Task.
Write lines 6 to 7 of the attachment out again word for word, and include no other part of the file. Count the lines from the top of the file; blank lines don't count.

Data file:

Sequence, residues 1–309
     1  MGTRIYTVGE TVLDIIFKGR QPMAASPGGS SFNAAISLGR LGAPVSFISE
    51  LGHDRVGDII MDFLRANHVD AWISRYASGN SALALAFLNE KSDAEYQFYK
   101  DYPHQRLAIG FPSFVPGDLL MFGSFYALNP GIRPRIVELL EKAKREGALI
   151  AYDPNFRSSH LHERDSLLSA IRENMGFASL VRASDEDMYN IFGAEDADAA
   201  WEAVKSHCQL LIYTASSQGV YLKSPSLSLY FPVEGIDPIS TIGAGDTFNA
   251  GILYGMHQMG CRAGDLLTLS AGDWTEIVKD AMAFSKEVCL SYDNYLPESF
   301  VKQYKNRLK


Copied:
   201  WEAVKSHCQL LIYTASSQGV YLKSPSLSLY FPVEGIDPIS TIGAGDTFNA
   251  GILYGMHQMG CRAGDLLTLS AGDWTEIVKD AMAFSKEVCL SYDNYLPESF